I graduated! I actually graduated. Mortarboard thrown, picture taken, congratulatory conversations with parents and friends and then you hear the dreaded, “What are you doing next?”
It’s not that I have never given much thought to what would come post-university — quite the opposite. The last few months prior to dressing in my cap and gown have been filled with endless job applications, copious redrafts of my CV and looking into Masters programmes both in the UK and elsewhere – I cannot be the only one. I am certain the same can be said of other BAME students whose road to graduate employment is a lot more uncertain and suspiciously taxing.
A recent study by The Trades Union Congress (TUC) suggested that unemployment for BME graduates was at 5.9 per cent, comparative to 2.3 per cent for white graduates. As a result, black British and Asian graduates are likely to earn a lower starting salary and are two and a half times more likely to be unemployed, irrespective of their qualification and final grade. Whereas on the one hand, this does not surprise me — what remains painful to discuss is the lack of genuine initiative on behalf of graduate schemes, governmental organisations, and companies to address the abhorrent racism within job recruitment.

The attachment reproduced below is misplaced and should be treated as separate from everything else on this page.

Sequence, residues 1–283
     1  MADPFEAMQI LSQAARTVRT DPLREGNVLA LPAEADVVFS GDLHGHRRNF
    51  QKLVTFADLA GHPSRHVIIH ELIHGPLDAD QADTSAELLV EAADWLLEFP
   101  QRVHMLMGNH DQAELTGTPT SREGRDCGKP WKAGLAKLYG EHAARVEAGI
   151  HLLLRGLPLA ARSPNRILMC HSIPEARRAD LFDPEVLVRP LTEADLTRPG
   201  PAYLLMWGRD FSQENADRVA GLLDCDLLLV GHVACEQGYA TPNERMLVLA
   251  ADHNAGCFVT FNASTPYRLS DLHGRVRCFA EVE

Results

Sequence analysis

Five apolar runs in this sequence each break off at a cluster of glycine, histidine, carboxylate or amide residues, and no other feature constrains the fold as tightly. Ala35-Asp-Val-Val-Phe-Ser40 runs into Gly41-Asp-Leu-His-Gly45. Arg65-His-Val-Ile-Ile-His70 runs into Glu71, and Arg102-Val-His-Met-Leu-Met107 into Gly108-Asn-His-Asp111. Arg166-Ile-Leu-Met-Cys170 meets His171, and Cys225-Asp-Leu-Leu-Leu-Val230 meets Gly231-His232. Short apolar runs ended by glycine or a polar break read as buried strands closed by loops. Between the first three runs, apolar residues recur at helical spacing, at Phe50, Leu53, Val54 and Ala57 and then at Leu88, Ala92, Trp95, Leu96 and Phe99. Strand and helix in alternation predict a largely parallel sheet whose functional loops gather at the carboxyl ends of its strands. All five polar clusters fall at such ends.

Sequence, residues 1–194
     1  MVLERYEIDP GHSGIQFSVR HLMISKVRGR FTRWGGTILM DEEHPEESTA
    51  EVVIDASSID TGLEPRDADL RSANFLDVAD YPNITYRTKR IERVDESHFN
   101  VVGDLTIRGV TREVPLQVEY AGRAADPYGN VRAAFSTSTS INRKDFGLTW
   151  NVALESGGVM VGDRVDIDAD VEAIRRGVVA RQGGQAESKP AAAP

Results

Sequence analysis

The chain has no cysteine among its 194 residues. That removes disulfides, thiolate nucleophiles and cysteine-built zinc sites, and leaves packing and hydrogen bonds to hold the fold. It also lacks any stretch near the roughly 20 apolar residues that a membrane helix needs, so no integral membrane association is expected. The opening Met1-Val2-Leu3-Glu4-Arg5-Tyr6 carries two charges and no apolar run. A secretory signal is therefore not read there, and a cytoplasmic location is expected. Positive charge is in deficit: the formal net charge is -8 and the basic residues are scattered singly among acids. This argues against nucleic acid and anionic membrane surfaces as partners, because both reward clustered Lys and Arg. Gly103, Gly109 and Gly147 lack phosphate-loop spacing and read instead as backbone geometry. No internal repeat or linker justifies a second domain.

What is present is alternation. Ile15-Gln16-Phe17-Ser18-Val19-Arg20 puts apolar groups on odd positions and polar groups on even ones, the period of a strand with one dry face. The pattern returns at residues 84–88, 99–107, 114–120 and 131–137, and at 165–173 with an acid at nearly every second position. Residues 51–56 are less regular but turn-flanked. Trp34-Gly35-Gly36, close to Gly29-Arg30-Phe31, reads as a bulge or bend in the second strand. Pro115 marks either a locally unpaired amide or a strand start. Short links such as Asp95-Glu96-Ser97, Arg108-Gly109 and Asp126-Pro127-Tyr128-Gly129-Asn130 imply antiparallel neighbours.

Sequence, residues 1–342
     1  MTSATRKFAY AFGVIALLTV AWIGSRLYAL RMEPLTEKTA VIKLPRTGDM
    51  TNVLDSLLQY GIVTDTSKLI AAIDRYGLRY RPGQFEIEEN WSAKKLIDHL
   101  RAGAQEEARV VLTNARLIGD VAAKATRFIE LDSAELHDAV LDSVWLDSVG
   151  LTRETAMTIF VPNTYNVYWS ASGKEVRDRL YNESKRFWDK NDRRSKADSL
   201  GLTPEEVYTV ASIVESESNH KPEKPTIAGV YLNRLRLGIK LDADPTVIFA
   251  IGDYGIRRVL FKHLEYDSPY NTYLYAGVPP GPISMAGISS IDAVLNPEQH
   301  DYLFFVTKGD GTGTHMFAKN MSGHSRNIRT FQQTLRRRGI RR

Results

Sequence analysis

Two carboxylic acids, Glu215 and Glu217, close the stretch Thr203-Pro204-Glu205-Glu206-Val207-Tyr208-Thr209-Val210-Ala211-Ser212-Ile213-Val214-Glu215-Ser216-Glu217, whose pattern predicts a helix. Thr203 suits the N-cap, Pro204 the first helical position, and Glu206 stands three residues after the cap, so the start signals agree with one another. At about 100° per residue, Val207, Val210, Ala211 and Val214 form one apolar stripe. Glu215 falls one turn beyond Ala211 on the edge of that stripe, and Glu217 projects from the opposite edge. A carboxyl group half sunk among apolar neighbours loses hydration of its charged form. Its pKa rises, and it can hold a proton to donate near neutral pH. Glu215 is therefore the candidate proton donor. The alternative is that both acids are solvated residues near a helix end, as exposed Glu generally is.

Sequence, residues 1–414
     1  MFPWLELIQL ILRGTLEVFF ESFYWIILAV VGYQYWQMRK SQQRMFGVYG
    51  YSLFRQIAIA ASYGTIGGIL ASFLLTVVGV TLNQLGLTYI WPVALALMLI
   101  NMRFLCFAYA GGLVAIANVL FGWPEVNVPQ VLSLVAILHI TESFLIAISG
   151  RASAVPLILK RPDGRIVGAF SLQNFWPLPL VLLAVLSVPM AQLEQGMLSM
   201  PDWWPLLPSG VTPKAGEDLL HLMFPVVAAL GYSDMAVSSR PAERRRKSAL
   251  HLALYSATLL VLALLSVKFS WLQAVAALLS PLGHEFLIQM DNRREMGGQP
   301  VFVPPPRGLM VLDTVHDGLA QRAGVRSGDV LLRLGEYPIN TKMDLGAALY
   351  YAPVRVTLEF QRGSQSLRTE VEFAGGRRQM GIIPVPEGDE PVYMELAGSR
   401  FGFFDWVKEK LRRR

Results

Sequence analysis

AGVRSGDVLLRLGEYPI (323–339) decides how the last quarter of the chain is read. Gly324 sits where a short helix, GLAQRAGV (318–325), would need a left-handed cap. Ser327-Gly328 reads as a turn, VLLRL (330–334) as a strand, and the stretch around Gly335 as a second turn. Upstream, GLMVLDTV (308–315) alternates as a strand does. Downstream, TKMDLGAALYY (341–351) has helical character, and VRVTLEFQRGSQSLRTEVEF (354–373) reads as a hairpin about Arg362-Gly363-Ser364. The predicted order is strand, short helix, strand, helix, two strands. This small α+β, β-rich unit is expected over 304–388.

The TUC’s general secretary Frances O’Grady said:
Race still plays a huge role in determining pay […] The harsh reality is that at any level of education, black and Asian workers are getting paid less than their white counterparts […] The government cannot afford to ignore these figures and must now take genuine action to tackle pay discrimination
(BBC News, February 2016)
Even if the government were to take action to reduce discrimination, one only has to look at the current British cabinet, parliament, university departments and high street stores to see the ongoing problem with diversity. We’ve built a system that promotes hard work and ambition but still supports and favours money, familial bonds and subsequently prejudice. This study is not a stand-alone assessment. Informal tests to assess discrimination in the application process have concluded that applicants with ‘white-sounding’ names are more likely to be called for an interview than applicants with ‘ethnic-sounding’ names. This remains even if both candidates have similar qualifications and years of experience.